Review: The Boy Who Escaped Paradise by J. M. Lee

28943776*I received this book from the publisher in exchange for an honest review.*

Title: The Boy Who Escaped Paradise

Author: J. M. Lee

Publisher: Pegasus Books

Publication Date: December 6, 2016

ISBN: 9781681772523

The Boy Who Escaped Paradise
Synopsis from Goodreads:
An unidentified body is discovered in New York City, with numbers and symbols written in blood near the corpse. Gil­mo, a North Korean national who interprets the world through numbers, formulas, and mathematical theories, is arrested on the spot. Angela, a CIA operative, is assigned to gain his trust and access his unique thought-process. The enigmatic Gil­mo used to have a quiet life back in Pyongyang. But when his father, a preeminent doctor is discovered to be a secret Christian, he is subsequently incarcerated along with Gilmo, in a political prison overseen by a harsh, cruel warden. There, Gilmo meets the spirited Yeong-ae, who becomes his only friend. When Yeong-ae manages to escape, Gil­mo flees to track her down. He uses his peculiar gifts to navigate betrayal and the criminal underworld of east Asia—a world wholly alien to everything he’s ever known.
—–
Thank you so much to Pegasus Books for sharing this incredibly intriguing story with me. We meet Gilmo in the midst of a shocking tragedy: someone has been murdered and Gilmo is the prime suspect. Through his interrogating we come to understand him and his life, from North Korea all the way to America. With a character reminiscent of the boy from The Curious Incident of the Dog in the Nighttime, The Boy Who Escaped Paradise tells the story of a young man who understands numbers and math better than people. In his harrowing tale, he’s befriended, used, taken advantage of, and so much worse, but he remains a loyal, but naive friend to those in his life.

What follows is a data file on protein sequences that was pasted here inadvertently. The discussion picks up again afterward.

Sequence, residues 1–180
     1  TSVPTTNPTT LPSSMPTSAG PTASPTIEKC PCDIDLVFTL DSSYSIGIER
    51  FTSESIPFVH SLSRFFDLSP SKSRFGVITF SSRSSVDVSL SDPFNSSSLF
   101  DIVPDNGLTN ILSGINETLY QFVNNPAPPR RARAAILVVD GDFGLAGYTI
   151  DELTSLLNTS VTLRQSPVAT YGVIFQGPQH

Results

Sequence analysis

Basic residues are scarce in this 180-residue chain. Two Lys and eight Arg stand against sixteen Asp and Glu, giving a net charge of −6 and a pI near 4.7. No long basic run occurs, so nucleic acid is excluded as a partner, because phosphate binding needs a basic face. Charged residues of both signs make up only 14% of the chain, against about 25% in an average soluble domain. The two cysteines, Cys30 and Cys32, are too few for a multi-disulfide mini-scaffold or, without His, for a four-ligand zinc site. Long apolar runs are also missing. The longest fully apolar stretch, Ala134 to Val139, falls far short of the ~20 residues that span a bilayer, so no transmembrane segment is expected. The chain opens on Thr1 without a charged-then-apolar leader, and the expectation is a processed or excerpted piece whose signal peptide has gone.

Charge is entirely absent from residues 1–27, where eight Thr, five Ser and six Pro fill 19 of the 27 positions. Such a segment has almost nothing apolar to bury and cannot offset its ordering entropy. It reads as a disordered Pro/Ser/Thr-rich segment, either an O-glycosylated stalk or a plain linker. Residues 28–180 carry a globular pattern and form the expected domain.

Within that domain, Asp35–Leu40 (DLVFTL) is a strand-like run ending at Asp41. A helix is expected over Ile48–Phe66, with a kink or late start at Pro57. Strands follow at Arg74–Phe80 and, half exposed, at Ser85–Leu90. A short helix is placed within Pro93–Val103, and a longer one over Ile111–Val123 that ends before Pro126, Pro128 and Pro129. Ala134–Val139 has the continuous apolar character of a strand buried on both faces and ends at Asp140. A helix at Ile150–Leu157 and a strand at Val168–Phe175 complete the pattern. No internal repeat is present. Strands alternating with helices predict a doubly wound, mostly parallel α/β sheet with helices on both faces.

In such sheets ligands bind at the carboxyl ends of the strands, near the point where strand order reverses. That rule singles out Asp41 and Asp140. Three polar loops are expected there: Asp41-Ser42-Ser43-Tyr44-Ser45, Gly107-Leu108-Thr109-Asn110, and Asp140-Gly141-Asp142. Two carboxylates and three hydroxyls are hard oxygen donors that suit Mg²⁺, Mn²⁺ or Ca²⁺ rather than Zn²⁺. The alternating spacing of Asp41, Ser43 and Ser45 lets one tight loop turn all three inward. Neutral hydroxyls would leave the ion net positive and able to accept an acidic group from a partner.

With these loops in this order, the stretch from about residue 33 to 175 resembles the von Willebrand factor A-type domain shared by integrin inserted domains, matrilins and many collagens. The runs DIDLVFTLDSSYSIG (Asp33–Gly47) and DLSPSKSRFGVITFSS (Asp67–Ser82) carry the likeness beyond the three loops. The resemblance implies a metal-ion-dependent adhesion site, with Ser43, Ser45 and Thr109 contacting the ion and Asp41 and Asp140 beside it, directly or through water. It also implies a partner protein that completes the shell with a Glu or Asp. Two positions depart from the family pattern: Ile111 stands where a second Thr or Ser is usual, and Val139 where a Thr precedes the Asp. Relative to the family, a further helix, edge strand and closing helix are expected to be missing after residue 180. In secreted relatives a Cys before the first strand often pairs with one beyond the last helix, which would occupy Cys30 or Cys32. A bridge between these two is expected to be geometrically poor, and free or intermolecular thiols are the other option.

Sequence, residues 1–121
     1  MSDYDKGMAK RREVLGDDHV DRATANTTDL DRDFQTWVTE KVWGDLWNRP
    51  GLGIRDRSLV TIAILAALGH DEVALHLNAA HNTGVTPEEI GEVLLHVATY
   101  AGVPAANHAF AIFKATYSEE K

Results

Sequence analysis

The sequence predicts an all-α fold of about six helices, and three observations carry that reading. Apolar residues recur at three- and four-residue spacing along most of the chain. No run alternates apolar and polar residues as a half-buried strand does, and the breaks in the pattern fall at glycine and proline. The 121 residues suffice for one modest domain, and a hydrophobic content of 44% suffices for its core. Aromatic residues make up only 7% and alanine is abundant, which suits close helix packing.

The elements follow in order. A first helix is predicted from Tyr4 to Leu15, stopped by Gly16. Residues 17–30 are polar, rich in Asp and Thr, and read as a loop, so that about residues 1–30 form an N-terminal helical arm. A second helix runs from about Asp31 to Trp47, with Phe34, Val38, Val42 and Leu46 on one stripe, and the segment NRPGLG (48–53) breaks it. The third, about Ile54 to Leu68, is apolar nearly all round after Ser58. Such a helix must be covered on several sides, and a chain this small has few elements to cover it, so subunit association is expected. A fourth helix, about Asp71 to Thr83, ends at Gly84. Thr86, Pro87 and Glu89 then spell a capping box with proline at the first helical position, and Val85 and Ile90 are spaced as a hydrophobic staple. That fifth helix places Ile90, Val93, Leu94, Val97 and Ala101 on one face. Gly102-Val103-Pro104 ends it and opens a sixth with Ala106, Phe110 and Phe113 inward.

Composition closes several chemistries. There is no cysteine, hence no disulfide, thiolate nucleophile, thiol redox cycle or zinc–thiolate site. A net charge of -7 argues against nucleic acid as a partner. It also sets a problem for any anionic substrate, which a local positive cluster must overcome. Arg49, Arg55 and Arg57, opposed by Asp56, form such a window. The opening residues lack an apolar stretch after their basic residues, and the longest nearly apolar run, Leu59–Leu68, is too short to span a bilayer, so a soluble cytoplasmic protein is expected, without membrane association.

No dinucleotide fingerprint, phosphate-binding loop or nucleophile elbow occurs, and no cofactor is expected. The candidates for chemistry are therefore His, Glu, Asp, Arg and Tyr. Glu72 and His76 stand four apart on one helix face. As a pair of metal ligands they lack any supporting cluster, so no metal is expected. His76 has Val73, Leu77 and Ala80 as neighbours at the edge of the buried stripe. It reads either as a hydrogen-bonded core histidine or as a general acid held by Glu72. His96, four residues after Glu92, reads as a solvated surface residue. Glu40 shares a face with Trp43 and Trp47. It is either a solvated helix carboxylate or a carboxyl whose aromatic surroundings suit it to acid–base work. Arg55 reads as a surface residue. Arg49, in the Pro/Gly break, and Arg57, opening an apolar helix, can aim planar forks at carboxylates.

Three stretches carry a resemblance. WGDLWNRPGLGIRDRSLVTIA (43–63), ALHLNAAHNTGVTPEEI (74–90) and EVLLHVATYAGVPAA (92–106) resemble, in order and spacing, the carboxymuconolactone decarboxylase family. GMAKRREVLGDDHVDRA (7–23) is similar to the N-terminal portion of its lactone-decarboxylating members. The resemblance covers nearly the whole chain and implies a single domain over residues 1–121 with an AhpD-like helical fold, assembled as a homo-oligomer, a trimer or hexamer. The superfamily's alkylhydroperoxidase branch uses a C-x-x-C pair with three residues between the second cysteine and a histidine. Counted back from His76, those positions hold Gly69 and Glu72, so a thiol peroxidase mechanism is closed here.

I thought that this story had a fascinating, yet quite awkward protagonist who’s quirks will draw you to him, but also set the reader apart as he’s quite difficult to relate to. He’s such a trusting character, seeing only the good in others and so willing to trust. He makes his way in the world, working hard and harnessing his talent with numbers to find his place in the world. One can’t help but feel for him because of his lack of understanding of humanities inclination towards deception. His world is a cruel one. The plot moved along with great pacing. I was quickly turning the pages trying to find out what was going to happen next. Gilmo has quite a story to tell.
I very much enjoyed this novel and I hope you will as well. I thought that it was well-written, entertaining, and moving.

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